Tennis elbow, or lateral epicondylitis, is a real affliction and it can be caused by playing tennis; however, tennis isn’t the only thing that can cause it. Tennis elbow is a form of tendinitis that afflicts the elbow, and is caused by any overuse of the forearm muscles. People can get tennis elbow from gardening, throwing heavy objects, twisting hand tools, repeatedly moving their elbow, or making a tight fist too often. The symptoms can include pain in the elbow when the person tries to lift something heavy or shake hands with someone. There’s also tenderness along the outside of the elbow.
Interestingly, professional tennis players don’t develop tennis elbows that often, for they know how to play the game in ways that don’t overstress their forearms.
Fortunately, tennis elbow is easy to treat. The Hand and Wrist Institute, which serves the Los Angeles area, has several modalities for eradicating tennis elbow, including use of pain medications such as NSAIDs, therapy or rest. Some patients wear a tennis elbow strap, or find pain relief with steroid injections. Most patients won’t need surgery, which is a last resort.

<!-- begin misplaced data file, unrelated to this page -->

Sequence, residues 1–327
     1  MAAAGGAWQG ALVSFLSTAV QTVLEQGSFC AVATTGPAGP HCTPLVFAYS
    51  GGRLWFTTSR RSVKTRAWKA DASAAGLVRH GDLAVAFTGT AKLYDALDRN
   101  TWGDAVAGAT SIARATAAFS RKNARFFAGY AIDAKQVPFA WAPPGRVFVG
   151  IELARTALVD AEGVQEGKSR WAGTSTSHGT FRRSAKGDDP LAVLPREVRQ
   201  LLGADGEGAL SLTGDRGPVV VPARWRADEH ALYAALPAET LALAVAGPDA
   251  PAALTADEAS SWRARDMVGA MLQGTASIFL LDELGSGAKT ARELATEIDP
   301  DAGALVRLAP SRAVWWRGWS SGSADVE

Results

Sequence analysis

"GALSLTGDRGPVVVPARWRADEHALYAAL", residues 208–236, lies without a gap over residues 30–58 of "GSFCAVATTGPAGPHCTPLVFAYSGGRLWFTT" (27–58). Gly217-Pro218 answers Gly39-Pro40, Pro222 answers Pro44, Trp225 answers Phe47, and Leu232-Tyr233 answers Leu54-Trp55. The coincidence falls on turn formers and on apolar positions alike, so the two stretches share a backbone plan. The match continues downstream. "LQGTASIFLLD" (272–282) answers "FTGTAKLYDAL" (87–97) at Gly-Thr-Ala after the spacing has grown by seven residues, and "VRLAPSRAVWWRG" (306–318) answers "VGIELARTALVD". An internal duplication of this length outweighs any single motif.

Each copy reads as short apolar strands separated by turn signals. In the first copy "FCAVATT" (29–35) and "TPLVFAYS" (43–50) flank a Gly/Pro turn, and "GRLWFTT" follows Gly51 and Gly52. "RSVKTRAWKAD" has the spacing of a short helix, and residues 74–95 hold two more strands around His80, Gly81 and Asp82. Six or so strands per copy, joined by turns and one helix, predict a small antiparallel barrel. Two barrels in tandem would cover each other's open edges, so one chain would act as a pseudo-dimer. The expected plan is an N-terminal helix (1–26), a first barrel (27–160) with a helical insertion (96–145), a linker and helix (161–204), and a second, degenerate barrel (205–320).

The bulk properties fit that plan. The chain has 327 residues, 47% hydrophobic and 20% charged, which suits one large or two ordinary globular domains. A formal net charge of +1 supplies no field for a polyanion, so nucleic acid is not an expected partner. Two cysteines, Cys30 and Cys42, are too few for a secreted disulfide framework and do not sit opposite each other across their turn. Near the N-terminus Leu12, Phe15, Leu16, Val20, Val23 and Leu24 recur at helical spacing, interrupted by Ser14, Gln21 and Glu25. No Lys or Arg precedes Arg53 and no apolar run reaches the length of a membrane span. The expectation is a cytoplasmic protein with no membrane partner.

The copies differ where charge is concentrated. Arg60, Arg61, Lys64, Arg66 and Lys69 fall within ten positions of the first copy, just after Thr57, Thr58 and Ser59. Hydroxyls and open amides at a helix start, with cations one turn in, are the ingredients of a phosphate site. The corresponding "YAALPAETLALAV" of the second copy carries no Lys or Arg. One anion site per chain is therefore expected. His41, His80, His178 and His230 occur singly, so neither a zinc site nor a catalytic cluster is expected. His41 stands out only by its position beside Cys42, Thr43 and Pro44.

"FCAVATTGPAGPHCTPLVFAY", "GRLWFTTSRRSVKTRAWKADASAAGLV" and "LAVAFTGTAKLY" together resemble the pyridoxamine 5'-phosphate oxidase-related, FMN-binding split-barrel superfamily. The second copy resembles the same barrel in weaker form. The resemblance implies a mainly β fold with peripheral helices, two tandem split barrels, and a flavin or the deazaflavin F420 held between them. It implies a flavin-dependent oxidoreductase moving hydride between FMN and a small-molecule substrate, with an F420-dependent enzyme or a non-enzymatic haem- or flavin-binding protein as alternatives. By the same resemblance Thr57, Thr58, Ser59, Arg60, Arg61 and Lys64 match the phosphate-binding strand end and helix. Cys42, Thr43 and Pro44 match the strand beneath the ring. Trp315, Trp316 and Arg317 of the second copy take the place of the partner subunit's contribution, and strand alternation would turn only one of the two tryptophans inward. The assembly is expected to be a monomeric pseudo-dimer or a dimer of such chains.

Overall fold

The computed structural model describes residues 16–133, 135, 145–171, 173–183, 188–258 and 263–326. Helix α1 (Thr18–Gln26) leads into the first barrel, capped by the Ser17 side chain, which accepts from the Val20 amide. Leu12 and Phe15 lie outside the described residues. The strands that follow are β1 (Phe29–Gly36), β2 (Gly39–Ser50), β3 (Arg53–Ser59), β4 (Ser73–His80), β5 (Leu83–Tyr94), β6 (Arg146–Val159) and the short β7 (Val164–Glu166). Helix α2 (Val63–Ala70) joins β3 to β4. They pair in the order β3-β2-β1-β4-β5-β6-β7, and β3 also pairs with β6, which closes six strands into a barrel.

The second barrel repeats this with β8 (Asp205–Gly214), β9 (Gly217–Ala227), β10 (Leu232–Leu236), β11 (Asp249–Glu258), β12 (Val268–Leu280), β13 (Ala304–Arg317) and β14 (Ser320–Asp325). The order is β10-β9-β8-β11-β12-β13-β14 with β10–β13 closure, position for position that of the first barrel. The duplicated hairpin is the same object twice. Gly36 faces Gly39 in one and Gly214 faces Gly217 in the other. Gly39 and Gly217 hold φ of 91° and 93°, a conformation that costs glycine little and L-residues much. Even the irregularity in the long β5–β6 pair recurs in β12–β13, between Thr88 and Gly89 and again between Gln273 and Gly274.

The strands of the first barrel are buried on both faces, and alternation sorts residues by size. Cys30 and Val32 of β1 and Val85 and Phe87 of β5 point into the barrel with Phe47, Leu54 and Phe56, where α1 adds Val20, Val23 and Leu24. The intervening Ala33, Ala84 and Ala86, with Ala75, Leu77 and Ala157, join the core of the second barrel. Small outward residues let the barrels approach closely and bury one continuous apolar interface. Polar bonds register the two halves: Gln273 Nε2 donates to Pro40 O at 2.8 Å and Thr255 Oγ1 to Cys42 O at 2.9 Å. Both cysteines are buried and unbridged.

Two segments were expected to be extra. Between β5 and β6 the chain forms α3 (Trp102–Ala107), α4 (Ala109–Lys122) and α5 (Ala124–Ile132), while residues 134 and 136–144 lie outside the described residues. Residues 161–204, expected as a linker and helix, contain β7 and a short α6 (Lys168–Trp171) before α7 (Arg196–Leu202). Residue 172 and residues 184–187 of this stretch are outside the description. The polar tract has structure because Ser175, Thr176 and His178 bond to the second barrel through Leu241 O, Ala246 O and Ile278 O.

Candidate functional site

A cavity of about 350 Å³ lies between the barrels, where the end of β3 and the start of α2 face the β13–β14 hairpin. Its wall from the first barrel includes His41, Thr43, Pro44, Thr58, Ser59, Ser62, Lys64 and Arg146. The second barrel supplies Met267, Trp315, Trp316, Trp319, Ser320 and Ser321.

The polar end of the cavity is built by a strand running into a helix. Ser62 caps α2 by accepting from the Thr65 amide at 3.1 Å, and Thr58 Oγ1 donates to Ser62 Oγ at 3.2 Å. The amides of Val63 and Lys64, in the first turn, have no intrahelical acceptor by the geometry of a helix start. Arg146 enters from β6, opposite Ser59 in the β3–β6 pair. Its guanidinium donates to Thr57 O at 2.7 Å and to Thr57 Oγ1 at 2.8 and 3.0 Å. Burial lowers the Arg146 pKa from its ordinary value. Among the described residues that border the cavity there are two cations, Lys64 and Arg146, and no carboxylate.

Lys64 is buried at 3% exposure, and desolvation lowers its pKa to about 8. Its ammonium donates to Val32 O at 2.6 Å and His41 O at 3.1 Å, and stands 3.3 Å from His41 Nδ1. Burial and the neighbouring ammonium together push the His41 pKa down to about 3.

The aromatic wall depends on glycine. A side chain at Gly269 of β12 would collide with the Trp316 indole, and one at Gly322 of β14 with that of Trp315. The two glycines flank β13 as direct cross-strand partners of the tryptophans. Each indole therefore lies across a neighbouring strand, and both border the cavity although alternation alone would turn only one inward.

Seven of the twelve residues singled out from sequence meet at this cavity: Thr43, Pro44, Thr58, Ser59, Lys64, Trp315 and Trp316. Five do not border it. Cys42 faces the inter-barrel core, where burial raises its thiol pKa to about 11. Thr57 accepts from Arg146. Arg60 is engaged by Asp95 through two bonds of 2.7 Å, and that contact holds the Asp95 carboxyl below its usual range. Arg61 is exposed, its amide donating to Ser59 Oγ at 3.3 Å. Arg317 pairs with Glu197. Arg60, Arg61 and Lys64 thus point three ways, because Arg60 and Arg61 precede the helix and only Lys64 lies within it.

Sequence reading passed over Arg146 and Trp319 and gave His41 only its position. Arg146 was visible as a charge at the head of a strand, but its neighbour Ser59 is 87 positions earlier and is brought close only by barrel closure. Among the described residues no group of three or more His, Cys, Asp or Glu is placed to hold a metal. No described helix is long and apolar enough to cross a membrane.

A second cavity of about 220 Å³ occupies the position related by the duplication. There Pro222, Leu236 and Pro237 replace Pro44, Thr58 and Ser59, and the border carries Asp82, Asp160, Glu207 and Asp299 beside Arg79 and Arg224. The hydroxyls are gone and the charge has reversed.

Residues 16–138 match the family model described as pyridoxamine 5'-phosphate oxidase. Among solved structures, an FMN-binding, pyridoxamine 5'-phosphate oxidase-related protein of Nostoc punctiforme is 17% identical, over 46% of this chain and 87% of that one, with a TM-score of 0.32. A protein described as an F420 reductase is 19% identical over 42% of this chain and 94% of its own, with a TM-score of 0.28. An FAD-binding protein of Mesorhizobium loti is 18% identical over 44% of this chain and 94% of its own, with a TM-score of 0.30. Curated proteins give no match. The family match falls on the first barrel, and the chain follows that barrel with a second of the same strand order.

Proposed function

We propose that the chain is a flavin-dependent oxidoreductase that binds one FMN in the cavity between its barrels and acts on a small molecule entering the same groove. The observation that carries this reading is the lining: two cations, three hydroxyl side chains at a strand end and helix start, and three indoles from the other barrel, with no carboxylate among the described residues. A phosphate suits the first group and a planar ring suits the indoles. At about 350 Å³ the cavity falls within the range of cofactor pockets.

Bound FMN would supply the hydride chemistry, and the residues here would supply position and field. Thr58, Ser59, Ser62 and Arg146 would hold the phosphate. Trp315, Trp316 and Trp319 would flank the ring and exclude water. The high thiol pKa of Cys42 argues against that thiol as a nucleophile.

Tennis elbow is the name commonly given to pain in the arm just above the elbow. The problem is caused by small tears in the muscle that is attached to the bone above the elbow. When people do repetitive activity that strains this area, it can lead to experiencing pain in that part of the arm. It’s really from overuse and strain. It happens often for anyone who plays tennis as they exert that muscle. However, any activity that involves twisting the wrist over and over can lead to tennis elbow. Painters, mechanics, construction workers, and those who use the keyboard often may find themselves becoming victims of tennis elbow.
It is definitely a real condition and it can be very painful. A person can experience weakness in the arm and grasp. Tennis elbow can get in the way of doing something one enjoys or performing work effectively. A visit to the doctor can confirm the source of the problem. Rest and pain relievers may help the condition. Surgery is recommended when all else fails.